Though I've felt disconnected from any formal practice of religion for years, I still feel reverence in certain spaces. City living requires I find sanctuaries to step away from the frenetic energy and the grounds of Washington DC's Franciscan monastery provide such refuge.
The architecture, the vibrant gardens, and the stillness draw me back time and again. That day was no different. Sitting before the grotto, I was in a state of wakefulness taking in the messages of my surroundings. I believe wisdom lives everywhere if we're open to taking it in.
A tree caught my attention as I took in the landscaping. Its trunk was shaped like a tuning fork. Immediately, I was reminded to attune myself to the vibration of nature and that everything else is man-made distraction.
As a cardinal sliced through the scene before me, I was then drawn to some dying leaves. Their autumn fire was such a contrast to the spring greenery surrounding them. The theme that emerged seemed to be that of uncoordinated seasons. It reinforced the cycles of life, how opposites coexist, and that sadness and joy can surprisingly occupy the same space.
Then his cries broke the silence.
On higher ground, before a mosaic of Mary, a lone figure began a stream of consciousness prayer. The volume of his voice shattered the relative silence. Initially annoyed, I managed to settle into a curious space instead.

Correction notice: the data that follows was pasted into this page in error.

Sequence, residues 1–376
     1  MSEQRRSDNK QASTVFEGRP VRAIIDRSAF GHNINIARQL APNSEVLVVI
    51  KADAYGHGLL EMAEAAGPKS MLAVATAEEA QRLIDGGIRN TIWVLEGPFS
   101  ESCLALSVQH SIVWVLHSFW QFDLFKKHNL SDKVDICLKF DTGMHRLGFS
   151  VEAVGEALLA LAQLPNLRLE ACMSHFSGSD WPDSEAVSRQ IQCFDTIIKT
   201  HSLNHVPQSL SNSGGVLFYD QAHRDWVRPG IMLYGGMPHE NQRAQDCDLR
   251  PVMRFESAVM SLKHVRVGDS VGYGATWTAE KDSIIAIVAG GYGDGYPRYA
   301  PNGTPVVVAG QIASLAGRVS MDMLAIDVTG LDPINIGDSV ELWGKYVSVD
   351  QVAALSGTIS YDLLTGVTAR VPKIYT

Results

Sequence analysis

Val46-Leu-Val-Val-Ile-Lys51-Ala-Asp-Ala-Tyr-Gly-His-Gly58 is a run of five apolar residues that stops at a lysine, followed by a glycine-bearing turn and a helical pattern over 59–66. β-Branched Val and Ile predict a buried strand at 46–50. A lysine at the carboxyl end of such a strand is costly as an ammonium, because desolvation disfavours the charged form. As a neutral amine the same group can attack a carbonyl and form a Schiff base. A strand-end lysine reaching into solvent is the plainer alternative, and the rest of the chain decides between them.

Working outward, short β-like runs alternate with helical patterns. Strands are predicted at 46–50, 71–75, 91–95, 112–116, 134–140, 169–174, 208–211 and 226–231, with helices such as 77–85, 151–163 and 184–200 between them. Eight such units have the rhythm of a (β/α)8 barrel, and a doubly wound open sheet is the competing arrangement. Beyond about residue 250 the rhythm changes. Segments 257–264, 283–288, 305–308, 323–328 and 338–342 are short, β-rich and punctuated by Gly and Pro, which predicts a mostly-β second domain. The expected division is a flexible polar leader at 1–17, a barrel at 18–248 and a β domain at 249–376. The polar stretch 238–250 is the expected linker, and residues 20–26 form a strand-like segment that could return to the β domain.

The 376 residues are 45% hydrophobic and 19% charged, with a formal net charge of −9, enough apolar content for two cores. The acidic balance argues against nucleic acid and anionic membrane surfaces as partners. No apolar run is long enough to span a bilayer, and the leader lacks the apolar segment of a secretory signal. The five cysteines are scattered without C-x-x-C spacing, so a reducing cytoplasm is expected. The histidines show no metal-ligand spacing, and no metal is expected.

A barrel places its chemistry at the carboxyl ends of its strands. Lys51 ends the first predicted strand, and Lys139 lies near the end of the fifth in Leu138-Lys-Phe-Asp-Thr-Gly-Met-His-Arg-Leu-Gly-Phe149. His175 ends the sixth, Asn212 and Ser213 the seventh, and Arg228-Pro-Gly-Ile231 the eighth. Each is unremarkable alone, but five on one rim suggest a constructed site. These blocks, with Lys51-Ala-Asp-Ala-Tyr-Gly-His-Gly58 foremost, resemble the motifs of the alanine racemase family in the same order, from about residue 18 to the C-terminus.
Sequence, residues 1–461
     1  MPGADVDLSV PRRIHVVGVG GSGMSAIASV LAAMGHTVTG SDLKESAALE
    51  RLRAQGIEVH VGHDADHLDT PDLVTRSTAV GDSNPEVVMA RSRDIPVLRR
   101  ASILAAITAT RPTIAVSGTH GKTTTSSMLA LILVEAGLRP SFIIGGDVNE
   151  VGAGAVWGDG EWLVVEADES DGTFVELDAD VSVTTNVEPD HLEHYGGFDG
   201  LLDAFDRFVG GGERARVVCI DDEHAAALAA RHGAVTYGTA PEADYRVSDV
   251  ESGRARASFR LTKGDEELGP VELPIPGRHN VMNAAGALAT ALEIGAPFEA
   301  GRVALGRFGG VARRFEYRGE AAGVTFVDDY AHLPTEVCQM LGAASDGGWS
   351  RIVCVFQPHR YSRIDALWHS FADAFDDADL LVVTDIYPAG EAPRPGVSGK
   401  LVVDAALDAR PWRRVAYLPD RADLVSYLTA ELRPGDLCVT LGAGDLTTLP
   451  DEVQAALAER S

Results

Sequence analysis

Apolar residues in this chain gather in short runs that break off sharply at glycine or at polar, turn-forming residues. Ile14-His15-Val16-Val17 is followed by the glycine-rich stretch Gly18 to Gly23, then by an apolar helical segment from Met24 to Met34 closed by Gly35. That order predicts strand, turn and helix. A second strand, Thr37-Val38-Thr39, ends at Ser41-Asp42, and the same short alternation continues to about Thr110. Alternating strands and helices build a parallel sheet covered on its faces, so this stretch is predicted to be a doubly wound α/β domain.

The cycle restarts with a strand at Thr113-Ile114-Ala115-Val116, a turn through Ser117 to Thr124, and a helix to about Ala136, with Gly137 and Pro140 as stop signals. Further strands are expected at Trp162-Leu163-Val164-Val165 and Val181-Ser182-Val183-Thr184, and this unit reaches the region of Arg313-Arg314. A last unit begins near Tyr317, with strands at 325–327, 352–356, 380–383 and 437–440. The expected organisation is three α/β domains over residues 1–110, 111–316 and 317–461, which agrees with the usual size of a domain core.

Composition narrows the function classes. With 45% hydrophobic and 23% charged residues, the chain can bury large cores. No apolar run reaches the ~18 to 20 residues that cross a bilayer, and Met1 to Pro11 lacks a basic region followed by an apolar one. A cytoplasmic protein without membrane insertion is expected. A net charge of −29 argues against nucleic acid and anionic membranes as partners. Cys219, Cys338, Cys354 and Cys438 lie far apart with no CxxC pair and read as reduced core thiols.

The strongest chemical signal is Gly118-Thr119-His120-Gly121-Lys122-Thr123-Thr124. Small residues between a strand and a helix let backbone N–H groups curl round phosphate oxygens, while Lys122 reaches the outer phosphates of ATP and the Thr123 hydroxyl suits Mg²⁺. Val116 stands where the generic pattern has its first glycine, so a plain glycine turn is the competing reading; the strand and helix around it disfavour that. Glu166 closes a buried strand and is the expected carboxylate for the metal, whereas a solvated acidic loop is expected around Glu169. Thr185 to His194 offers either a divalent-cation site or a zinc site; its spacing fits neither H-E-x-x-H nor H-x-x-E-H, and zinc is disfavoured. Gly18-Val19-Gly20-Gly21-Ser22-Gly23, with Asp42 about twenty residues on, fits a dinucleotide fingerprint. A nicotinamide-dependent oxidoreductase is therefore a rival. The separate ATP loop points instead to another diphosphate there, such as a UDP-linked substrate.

Who was this man? What was his story? What was the source of his fervor-or his pain? I could make out only pieces of his speech, a line of scripture here and there.
He continued for a few minutes then his prayer-or sermon-was over as abruptly as it started.
The silence engulfed me once more. I plunged deeper.
I thought about me in that holy place with my relationship to religion. Having been raised Catholic, I only identify as spiritual. I say that without a modicum of disdain or superiority. The "spiritual, not religious" tribe is not without the hypocrisy often ascribed to religion.
I only know that for me, spiritual means I believe that God can be found in all things. I saw it in the tree, the cardinal, the fallen leaves. After my ego backed down, I managed to find it in the praying man.
He had found It in the mosaic I had previously passed by. I didn't recognize It there.
The Divine has many faces and we have a particular set of eyes with which to see. I am reminded of the poet Hafiz and Where is the Door to God?
Where is the door to God?
In the sound of a barking dog.
In the ring of a hammer.
In a drop of rain,
In the face of everyone,
in all we can behold.
Returning to my silent contemplation, my gaze fixed upon a beautiful flower. And once again, I understood that scripture is written upon each divine petal.